Rivalry Renewed

Drue Aman

Drue Aman

Perhaps a few fans looked at the women’s schedule this season and saw: Mon., Feb. 15: South Dakota – Frost Arena – 7 p.m. and began looking for the right words to say, but the words never came. Speechlessness is a common side effect of overwhelming excitement.

South Dakota? The University of South Dakota? The Coyotes? We haven’t played them in years.

Right; we have not. In fact, an overwhelming populace of current students at SDSU has never seen a Coyote uniform on campus. Instead, we only hear the same stories regurgitated repeatedly. The stories about dead rabbits and dead coyotes thrown on the court (a rather profound exercise in symbolism but more certainly grotesque and inappropriate), about profane T-shirts that served as fan uniforms for the evening and about ravenous Jacks fans who crammed themselves into The Barn like sardines and rattled cow bells to create a deafening game environment. Yes, the rivalry picked up some theatrics and some passionate fury for the opposing school over the years.

Then, we went through the challenging phase of entering Division I. The rivalry has been nonexistent since. “SDSU vs. USD” last took place Feb. 28, 2004, and that was in Vermillion – a game SDSU won. Actually, USD has not entered Frost Arena since Jan. 9, 2004, a game in which the No. 7 Jacks beat the No. 4 Coyotes by 16.

On Feb. 15, the beginning of a new era in the in-state rivalry begins, and Athletic Director Justin Sell loves the opportunity.

“The beauty is we get a chance to start from scratch in a sense of respecting the old tradition of the rivalry but hopefully bringing some new things to it,” said Sell.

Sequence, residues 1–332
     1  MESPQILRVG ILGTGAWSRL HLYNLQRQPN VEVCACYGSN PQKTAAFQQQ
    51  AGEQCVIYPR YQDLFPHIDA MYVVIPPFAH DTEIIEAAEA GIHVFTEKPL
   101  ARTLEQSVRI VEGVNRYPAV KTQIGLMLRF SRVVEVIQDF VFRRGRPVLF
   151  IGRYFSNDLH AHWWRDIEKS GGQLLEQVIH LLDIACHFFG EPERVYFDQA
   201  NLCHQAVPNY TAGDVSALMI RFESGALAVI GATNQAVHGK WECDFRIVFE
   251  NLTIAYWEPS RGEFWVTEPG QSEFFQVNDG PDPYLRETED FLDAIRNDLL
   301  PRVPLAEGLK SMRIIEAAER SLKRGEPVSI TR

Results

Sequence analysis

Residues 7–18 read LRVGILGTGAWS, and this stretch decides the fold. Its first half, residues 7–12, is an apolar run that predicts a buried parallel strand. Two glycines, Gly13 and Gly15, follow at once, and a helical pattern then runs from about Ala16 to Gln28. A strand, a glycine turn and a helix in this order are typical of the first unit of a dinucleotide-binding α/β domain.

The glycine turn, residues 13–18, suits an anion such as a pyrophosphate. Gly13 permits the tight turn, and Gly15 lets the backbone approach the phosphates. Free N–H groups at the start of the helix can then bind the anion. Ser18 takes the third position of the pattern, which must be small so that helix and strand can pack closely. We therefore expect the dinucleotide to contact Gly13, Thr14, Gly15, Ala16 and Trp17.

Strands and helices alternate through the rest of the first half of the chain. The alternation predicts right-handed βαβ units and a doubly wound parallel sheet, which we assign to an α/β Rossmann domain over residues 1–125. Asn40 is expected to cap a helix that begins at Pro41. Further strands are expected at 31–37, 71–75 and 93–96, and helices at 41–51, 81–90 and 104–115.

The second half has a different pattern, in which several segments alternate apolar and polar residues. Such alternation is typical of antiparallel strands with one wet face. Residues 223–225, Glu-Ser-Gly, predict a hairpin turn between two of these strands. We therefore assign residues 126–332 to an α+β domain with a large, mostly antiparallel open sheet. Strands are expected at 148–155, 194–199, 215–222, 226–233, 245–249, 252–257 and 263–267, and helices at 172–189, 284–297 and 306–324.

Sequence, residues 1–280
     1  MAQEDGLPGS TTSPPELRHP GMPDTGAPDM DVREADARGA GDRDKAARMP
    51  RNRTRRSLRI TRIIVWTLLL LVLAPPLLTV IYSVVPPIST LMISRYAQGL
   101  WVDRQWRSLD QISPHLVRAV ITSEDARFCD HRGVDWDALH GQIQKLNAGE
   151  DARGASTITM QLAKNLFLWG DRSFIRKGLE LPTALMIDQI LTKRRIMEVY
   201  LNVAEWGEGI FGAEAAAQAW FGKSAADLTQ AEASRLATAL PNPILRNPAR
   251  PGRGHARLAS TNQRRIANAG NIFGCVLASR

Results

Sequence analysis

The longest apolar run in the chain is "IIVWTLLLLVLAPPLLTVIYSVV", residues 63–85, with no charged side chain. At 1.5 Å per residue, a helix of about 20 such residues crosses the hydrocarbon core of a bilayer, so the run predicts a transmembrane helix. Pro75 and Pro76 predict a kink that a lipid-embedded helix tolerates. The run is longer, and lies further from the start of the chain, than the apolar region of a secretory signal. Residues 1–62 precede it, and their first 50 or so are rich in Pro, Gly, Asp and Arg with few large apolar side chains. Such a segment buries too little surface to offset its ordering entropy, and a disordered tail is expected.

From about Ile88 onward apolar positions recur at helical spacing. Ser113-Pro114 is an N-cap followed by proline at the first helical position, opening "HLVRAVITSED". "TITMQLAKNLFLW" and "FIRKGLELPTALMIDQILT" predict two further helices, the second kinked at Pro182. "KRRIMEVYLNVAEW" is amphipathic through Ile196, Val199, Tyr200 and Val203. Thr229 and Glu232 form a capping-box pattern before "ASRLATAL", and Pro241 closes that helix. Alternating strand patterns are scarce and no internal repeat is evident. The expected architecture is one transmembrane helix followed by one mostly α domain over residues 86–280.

The new “things” are this: two schools bigger than ever, with teams with more talent than ever. The Jacks have had six full seasons of Division-I style recruiting and last year won 32 games in their first season of tournament eligibility. They routed Texas Christian University before losing in the late seconds to Baylor in the second round that year. By the way, TCU and Baylor are both 17-5 this season, and Baylor is ranked No. 17 as of Feb. 7. The USD women have had success on the court recently as well, making the Division II Championship in 2008 but losing to Northern Kentucky by five.

The rivalry also helps both schools in a budgetary sense.

“As far as budgets go, it’s an easy travel,” said Sell. “You can sell a ton of tickets so from a revenue standpoint, in a way this is a good game.”

For this game, 1,500 tickets are reserved for students at SDSU. As of Feb. 7, 1,200 of those have been sold, with more sales a certainty – something Sell thinks accurately represents the quality of support of full-time students for the Jacks.

“I’ve been very impressed,” said Sell. “Since I got here the support at football games, at basketball games, even at swimming and soccer and some of our other sports – we have a lot of students supporting the kids, and they’ve done it in a very first-class manner.”

After six years of dormancy against USD and a budding rivalry with competitive teams in NDSU, Oral Roberts and Oakland and the rest of the Summit League, Feb. 15’s game will serve as a form of exercise to Jacks fans, students and players; an exercise to remind everyone of the true nature of the rivalry we have heard so much about.

“I think it’s going to be a great game,” said Sell. “If people would get past throwing rabbits and coyotes on the floors and getting back to the focus of the game and school pride – that’s what Division-I athletics are all about ? and then it’s certainly special because it’s an in-state rivalry.”